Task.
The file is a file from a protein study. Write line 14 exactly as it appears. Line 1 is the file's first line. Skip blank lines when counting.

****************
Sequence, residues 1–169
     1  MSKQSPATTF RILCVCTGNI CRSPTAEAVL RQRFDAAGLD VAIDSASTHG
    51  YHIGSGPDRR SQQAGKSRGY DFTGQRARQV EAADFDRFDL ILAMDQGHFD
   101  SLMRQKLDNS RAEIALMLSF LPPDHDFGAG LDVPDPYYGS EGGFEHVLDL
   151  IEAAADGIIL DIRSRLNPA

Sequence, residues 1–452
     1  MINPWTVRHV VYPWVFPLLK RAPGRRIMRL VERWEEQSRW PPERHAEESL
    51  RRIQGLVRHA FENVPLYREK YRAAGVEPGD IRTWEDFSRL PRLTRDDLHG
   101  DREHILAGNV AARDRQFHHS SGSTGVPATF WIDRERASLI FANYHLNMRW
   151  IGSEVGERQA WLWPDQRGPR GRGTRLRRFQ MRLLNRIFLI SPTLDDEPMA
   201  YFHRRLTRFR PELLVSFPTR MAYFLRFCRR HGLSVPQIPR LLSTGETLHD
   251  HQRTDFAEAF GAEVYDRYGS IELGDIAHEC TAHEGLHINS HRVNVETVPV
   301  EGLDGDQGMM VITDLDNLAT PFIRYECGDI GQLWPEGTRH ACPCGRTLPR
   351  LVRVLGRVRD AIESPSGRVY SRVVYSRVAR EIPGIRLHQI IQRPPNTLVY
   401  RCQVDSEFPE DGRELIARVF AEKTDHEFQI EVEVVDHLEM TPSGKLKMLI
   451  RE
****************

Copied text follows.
   351  LVRVLGRVRD AIESPSGRVY SRVVYSRVAR EIPGIRLHQI IQRPPNTLVY